Then we moved on to Ries central – St. Mary’s Catholic cemetery in North Washington.  From North Washington we headed back to New Hampton for lunch and then out to Lawler for Lawler Cemetery or Utica Township Cemetery, also known as “the cemetery on diagonal road”.  The cemetery was supposed to be on the 1800 block of the road, but we spotted it on the 1900 block and I veered off the road like we were never going to see it again (only hardcore genealogists  – or hardcore Konzens – drive like crazy people to cemeteries).  According to Iowa’s WPA graves and Chickasaw County Genealogical Society’s cemetery indexes, Mathias Konzen’s son John Konzen is buried in Lawler Cemetery so we were seeking his grave and maybe his wife’s.

Lawler Cemetery – not in mint condition

Once we managed to open the gate to the cemetery, we started exploring the fairly sparse cemetery for John Konzen.  The ground was kind of bumpy and there was a large open area between a few graves where we decided the cemetery could definitely expand with many more graves.  We found some recent graves and some very old graves, but we didn’t find any graves with familiar names let alone John’s grave.  The three of us weren’t sure what to make of this and we had to look over some of the graves again before we finally decided that we must have the wrong cemetery.  Maybe the cemetery we were at was a private cemetery – after all it didn’t have a sign – and there was another cemetery on the diagonal road that was actually on the 1800 block and not at the corner of the 1900 block and the 1800 block.

Michelle, Sandy, and I jumped back into the car and continued down the road, once we got to about the 1400 block we agreed the cemetery couldn’t be any farther and we turned around to head back toward Lawler.  We kept an eye out for the cemetery, but we didn’t see any new ones.  Once we returned to Lawler, Sandy asked at City Hall if they knew where Lawler Cemetery was, they had no idea, but directed us to a private cemetery (we weren’t willing to trek through somebody’s field to it).  They also told us that the courthouse in New Hampton would probably know the location of our cemetery.  While Sandy was asking questions she managed to ask some guys talking on the street if they knew any Pitzes – and of course they knew where some lived.  We decided to pursue the cemetery instead of chasing after long-lost relatives.

The three of us headed out to Little Turkey in case that was the Lawler cemetery that John was buried in.  The first cemetery in Little Turkey that we stumbled upon was an abandoned Methodist cemetery and the grass was so high that we didn’t want to search through it.  A little farther down the road was Little Turkey’s St. Mary’s Cemetery.  And John wasn’t there either, so we went back to New Hampton to dig through the library obituaries again and to look through the Chickasaw Genealogy cemetery books again.  And there it was, John Konzen buried in Lawler Cemetery, “the cemetery on diagonal road”.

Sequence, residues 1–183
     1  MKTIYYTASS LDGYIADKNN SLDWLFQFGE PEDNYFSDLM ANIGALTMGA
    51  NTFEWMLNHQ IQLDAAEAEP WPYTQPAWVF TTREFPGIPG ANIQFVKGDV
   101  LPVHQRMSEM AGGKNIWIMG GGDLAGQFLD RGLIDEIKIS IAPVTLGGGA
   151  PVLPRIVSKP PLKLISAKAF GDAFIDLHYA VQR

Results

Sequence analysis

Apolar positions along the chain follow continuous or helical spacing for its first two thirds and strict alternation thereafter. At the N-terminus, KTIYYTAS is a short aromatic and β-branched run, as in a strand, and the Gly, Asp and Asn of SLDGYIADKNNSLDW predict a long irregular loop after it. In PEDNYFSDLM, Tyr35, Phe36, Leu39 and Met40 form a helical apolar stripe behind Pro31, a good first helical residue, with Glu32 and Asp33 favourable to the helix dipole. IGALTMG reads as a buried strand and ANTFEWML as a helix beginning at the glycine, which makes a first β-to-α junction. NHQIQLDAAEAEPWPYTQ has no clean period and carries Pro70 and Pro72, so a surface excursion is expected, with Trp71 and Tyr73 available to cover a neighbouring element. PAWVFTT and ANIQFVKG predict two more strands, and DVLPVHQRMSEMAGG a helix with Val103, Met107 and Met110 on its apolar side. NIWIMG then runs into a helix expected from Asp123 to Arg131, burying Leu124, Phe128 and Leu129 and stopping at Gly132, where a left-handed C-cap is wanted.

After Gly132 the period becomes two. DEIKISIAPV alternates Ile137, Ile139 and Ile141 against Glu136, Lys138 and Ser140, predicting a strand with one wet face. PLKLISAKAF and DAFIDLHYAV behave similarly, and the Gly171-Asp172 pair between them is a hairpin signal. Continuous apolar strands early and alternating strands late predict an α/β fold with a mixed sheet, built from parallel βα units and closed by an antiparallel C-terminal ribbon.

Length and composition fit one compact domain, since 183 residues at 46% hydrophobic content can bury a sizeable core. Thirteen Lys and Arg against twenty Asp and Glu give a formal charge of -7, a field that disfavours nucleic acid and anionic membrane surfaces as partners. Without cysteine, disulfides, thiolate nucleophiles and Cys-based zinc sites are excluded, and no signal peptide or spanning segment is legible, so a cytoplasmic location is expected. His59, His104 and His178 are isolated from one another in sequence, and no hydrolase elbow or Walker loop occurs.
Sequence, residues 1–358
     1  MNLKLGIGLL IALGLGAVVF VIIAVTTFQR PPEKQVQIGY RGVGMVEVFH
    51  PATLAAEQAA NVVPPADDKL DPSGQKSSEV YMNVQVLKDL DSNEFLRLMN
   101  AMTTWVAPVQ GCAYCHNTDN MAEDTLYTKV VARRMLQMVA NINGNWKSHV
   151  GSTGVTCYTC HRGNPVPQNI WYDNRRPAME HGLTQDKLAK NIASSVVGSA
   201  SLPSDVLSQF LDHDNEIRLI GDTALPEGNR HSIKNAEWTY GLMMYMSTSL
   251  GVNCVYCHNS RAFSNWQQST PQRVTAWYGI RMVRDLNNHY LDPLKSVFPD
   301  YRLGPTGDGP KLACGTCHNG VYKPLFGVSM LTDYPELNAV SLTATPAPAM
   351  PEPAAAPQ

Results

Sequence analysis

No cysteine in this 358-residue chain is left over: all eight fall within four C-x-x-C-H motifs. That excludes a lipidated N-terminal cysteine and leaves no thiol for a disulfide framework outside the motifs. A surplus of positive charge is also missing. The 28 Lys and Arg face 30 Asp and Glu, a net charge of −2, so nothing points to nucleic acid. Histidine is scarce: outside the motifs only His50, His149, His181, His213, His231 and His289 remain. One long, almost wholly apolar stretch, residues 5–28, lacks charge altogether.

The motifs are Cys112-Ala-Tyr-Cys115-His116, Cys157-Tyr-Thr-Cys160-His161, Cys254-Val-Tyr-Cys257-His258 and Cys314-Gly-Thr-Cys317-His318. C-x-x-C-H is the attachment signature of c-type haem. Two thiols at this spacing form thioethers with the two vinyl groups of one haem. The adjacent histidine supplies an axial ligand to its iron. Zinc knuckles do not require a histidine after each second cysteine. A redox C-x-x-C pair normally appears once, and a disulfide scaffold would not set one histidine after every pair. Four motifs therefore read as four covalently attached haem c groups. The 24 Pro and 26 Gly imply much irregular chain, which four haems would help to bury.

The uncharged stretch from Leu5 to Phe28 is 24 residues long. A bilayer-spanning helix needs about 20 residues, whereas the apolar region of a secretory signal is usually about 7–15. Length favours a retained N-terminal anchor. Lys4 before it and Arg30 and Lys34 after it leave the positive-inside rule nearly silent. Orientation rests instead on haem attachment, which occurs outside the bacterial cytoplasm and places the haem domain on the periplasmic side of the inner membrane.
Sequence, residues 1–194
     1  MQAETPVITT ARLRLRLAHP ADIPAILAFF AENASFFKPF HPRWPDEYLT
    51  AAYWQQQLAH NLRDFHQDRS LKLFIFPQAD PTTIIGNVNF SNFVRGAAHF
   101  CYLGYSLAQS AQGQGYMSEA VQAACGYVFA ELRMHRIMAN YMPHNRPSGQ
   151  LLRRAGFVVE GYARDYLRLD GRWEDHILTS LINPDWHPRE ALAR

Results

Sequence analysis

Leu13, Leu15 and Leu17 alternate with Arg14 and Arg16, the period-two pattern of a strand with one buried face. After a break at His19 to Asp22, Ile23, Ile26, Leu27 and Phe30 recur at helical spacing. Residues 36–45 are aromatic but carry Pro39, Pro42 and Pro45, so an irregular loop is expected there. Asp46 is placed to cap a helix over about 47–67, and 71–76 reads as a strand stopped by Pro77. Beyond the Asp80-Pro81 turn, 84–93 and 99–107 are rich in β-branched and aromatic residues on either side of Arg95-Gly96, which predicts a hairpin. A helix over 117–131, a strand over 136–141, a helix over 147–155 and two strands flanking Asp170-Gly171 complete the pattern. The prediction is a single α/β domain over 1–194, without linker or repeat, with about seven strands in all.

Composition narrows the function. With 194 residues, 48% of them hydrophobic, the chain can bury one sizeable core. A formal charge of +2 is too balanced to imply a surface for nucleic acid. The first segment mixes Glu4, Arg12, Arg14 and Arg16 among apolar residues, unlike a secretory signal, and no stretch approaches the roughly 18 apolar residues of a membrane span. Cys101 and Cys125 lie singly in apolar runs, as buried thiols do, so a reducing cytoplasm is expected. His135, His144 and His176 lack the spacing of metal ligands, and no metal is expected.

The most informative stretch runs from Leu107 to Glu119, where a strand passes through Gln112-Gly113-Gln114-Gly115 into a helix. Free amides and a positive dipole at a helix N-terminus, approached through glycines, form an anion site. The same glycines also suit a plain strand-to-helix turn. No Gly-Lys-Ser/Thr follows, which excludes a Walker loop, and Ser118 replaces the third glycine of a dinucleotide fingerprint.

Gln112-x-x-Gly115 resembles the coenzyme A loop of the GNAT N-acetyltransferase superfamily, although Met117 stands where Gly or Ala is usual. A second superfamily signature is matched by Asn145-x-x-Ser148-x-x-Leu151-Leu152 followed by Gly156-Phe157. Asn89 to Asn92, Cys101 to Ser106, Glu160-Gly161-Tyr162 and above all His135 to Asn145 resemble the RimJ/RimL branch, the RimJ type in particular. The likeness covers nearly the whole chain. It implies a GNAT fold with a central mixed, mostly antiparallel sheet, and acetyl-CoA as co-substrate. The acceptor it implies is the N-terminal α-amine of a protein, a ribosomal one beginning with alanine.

I found the phone number for a member of Chickasaw Genealogy and called her and quizzed her about John.  She told me that the cemetery we found was Lawler Cemetery and once she looked through her records she informed me that she hadn’t been able to find his grave when she was at the cemetery in 1999.  What does the mean?  She continued to tell me that the cemetery had been neglected and basically abandoned at that time and the grass had been above her knees.  So I asked if the fact that John had been at the cemetery when they indexed it in the ’80s, but wasn’t there when she’d gone through the cemetery in 1999, did that mean that his grave had been moved?  She replied, “It probably sunk.”  What?  Apparently it’s very common in Chickasaw County (I don’t know about anywhere else) for graves to sink.

This lady then told me that they’d done restoration at a few cemeteries, but they hadn’t gotten around to Lawler Cemetery yet.  How do they do this restoration?  Well, this couple walks around with a big metal stick and they poke it in the ground until they find a headstone.  Yep, that’s really how they do it!  I was expecting her to tell me that they use radar equipment or a metal detector or something, but they just really use a metal rod.  I was floored by that whole conversation and when I told Sandy and Michelle everything that the lady had told me, they couldn’t believe it either.